Is there one electric plug in the world? The EU is not even there, Japan has two grid standards.
        Technology offen losses in Standards definition, else why is the US still using inches?

        • Jenny Sommer

          Yes, let’s all adopt 230V/50Hz and Europlug/Schuko first 😉

          • Alexis Boom

            We dropped Shucko, we’re all on Mennekes Type 2 now.

          • Jenny Sommer

            Not EVs…lets do Schuko worldwide 😉

          • Alexis Boom

            No seriously, the Type 1 and 3 were fully withdrawn from the EU in 2015.

            We’re all on Mennekes Type 2 now.

          • dogphlap dogphlap

            220V or 230V or 240V would be a great idea but 60Hz is still better than 50Hz (more efficient transformers and AC motors, less iron). I once heard that 240V is actually less lethal than 110V because in a typical electrocution situation with 240V the heart muscles clamp while under 110V the lower current tends to cause the heart to go into fibrillation which may continue after the current is removed so the victim dies while in the 240V case once the current ceases the heart has a good chance of spontaneously restarting.
            It is the curse of the early adopters I’m afraid and far too late to change mains voltage or frequency for common power outlets despite US clothe dryer outlets already being of the higher voltage.

          • Jenny Sommer

            Different AC motors (3000 vs 3600rpm). Difference in iron is neglectable (500hz would really make a difference)
            Nighter is ‘better’, the difference is just historical. It just had to be somewhere between 42hz and 125hz. Rumor has it that European countries decided on 50 because it is a decimal normrow number (preferred numbers in E) (R10 – 10/12,5/16/20/25/31,5/40/50/63/80/100) with 60 nowhere to be seen.
            We will never know.

          • dogphlap dogphlap

            The difference in iron may appear negligible but it has consequences. Occasionally a wall-wart will catch fire here because a marginal design that was intended for 60Hz has been sold and used in my 50Hz country. Similarly my lathe has an induction motor that has an annoying tendency to trip the circuit breaker when started simply because the lack of iron means the start up inductance is too low (it too being in reality a 60Hz design but with 240V windings) to limit the inrush current to a level below the trip current of its circuit breaker. I now drive that motor via an electronic speed controller (triac based) as a simple work around to limit inrush current. If you live in a 60Hz country you would be spared those annoyances. Of course other considerations make much higher frequencies impractical (transmission losses climb with increasing frequency) but I submit 60Hz is still a better choice than 50Hz. Whatever it is way too late for us or you to change our supply frequency now since the possible benefits would be small and the costs enormous.

          • Jenny Sommer

            When the equptment is designed for the system where would be the advantage for one over the other.
            I live in a 50hz country and never encountered any 60hz equipment.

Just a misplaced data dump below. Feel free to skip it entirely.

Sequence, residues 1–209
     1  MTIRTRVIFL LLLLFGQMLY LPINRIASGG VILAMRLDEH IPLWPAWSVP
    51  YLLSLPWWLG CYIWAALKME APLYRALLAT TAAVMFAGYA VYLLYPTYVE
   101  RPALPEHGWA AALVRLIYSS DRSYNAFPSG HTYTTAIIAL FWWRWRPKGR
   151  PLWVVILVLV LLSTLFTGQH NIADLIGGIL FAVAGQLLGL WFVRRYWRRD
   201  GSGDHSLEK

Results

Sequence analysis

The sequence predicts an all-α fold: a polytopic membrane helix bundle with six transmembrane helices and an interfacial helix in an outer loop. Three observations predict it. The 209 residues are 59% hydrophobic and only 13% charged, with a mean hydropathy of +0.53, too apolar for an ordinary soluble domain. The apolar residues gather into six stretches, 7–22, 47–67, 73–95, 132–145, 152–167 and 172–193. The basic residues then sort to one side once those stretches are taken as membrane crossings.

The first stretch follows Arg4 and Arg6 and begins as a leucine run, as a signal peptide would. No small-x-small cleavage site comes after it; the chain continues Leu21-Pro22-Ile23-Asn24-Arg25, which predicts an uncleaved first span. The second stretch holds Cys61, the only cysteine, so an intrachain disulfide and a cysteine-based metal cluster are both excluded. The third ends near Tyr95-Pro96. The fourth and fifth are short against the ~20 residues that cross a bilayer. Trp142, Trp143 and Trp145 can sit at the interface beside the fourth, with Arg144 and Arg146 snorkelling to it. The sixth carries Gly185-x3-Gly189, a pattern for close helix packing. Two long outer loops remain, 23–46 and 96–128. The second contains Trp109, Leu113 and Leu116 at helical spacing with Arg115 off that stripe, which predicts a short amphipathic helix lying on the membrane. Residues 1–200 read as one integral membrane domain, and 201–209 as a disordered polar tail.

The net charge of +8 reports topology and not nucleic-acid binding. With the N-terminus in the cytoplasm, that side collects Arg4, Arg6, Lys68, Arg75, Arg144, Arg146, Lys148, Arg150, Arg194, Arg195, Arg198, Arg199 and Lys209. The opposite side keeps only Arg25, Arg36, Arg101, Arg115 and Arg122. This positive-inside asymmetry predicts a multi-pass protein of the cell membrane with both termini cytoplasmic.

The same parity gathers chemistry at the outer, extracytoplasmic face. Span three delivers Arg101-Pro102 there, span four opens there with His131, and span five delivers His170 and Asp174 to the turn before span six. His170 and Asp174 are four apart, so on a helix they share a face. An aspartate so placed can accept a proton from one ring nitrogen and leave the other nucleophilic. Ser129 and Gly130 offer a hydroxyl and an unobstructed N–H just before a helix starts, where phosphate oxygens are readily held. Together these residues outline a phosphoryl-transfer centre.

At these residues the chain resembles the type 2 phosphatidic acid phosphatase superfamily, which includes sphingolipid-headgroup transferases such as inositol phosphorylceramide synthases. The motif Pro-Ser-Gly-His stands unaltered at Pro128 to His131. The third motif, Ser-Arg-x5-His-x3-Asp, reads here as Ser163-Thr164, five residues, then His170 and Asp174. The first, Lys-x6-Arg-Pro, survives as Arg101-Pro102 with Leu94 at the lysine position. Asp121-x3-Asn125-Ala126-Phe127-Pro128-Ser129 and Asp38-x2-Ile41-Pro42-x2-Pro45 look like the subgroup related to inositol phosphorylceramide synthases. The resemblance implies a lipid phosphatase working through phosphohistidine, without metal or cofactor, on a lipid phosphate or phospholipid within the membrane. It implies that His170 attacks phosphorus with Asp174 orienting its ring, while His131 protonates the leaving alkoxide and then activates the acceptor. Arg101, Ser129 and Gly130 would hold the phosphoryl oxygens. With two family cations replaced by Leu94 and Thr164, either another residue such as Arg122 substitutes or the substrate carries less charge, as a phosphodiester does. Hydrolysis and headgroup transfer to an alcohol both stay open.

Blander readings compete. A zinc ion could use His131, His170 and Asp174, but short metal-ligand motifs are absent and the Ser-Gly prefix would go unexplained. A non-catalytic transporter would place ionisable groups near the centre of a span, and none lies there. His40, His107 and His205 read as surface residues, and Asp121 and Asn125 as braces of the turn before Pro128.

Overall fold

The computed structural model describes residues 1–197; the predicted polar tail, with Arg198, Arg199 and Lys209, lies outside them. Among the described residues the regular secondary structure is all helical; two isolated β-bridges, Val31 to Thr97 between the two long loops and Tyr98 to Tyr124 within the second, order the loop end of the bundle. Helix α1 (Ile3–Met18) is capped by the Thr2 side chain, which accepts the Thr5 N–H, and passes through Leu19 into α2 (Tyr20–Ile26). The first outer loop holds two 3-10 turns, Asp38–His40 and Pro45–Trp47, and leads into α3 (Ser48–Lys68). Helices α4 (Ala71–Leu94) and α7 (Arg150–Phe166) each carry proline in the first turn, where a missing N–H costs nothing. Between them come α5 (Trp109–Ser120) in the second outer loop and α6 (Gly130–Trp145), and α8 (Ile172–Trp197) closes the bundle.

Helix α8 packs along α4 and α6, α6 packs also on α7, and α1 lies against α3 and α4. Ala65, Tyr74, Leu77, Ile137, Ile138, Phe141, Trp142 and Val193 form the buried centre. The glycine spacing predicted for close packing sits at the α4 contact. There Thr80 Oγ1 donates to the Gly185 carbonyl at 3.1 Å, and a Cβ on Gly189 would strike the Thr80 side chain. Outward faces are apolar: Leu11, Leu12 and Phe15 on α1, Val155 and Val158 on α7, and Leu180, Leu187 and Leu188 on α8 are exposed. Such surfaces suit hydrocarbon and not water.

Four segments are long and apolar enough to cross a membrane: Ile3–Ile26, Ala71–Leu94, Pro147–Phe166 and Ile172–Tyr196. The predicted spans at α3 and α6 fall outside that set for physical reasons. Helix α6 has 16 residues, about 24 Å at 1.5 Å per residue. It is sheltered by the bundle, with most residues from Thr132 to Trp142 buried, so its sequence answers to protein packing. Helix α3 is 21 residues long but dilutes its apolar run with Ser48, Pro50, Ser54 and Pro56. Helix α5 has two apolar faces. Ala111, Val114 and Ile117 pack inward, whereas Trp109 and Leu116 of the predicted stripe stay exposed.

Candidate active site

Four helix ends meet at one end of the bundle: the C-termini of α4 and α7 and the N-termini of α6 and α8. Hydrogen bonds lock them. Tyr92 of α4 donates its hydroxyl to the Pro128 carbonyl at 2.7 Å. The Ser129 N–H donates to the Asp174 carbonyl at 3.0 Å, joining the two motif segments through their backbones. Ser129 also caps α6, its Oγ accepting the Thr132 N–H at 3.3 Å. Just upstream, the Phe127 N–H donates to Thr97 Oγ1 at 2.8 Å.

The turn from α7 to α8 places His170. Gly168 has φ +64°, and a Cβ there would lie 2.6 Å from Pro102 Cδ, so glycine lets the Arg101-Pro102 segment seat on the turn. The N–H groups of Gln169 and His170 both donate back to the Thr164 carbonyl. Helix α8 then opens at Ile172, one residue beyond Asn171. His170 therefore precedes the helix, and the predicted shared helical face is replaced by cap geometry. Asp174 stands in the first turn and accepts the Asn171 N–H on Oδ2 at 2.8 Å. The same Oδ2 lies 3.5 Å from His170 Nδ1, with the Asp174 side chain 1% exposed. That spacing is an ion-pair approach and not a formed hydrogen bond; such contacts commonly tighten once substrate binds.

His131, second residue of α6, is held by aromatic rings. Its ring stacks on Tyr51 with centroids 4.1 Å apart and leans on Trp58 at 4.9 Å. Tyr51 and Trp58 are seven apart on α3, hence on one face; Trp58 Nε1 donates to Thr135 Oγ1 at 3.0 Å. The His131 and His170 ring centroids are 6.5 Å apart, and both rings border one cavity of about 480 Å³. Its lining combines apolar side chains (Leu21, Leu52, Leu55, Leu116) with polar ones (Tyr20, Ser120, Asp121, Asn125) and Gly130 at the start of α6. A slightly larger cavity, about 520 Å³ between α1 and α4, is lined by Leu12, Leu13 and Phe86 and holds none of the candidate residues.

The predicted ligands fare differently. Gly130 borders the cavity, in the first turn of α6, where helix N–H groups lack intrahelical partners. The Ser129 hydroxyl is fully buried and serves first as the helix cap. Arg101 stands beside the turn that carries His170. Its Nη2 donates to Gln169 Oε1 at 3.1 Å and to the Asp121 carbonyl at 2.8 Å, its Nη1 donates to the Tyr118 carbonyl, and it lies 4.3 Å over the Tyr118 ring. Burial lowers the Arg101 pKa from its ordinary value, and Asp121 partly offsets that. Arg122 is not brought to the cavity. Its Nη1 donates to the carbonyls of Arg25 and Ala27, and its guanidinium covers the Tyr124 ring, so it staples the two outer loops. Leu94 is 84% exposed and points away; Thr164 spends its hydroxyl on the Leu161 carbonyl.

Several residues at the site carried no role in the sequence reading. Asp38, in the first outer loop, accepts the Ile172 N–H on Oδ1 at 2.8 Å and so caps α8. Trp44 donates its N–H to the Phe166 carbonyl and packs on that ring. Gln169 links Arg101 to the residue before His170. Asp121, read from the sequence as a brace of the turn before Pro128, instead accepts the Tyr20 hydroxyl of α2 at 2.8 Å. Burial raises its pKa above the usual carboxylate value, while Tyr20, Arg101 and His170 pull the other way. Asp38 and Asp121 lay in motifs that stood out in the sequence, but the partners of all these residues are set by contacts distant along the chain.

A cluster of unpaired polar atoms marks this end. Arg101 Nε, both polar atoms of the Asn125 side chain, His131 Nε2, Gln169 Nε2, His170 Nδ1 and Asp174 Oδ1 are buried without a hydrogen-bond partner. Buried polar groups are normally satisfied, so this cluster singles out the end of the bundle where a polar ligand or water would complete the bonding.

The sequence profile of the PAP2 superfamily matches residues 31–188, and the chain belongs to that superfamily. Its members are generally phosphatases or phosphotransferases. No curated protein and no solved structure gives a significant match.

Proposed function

• dogphlap dogphlap

            The advantage of 60Hz equipment over 50Hz is very small (maybe there is none when you take into account the small increase in transmission loss with the 20% higher frequency) but it comes down to cheaper, faster rotating and lighter electric motors and cheaper and lighter transformers. I was only thinking of if we could start from scratch what would be the best choice. Since we can’t start from scratch it really is of no consequence. I too live in a 50Hz country.

          • Foersom

            > 60Hz is still better than 50Hz

            60 Hz has higher transmission losses. So to compensate you have to install more transformers closer to the user.

            > far too late to change mains voltage or frequency for common power outlets

            Fun fact, Los Angeles US-CA originally used 50 Hz but changed to 60 Hz back in the 1930s.

            About voltage difference, indeed with most modern electric devices it is easy to make power supply modules that can work at both low ~110 V and at high ~230 V.

          • eveee

            But why not have different frequencies and voltages in the same country? Oh yeah. We do.

        • eveee

          Why would companies compete? Why doesn’t the whole world switch to the superior inches system in the US? Why do the English drive on the wrong side of the road? And why does my spell checker refuse sometimes change renewables to renew able?
          But you are right. We could make the one standard that was perfect and no one used, like we use Latin only for science because almost no one speaks it.
          I would like to know what most EV drivers are actually using.

          • Burnerjack

            The superior inches system? LOL! Good one! BTW, How many inches in a mile?…

          • ROBwithaB

            Is the answer: “Not enough”?

          • Burnerjack

            I’ll give you an easier one: how many teaspoons in a hogshead?
            See? Imperial measure is both logical and mathematically easy!

          • eveee

            The whole point is to make conversion difficult so no one asks that question. But really, its 5,280 feet, but not exactly. The real question is how many yards. Hey, what would happen to American football. What would the 10 yard line be?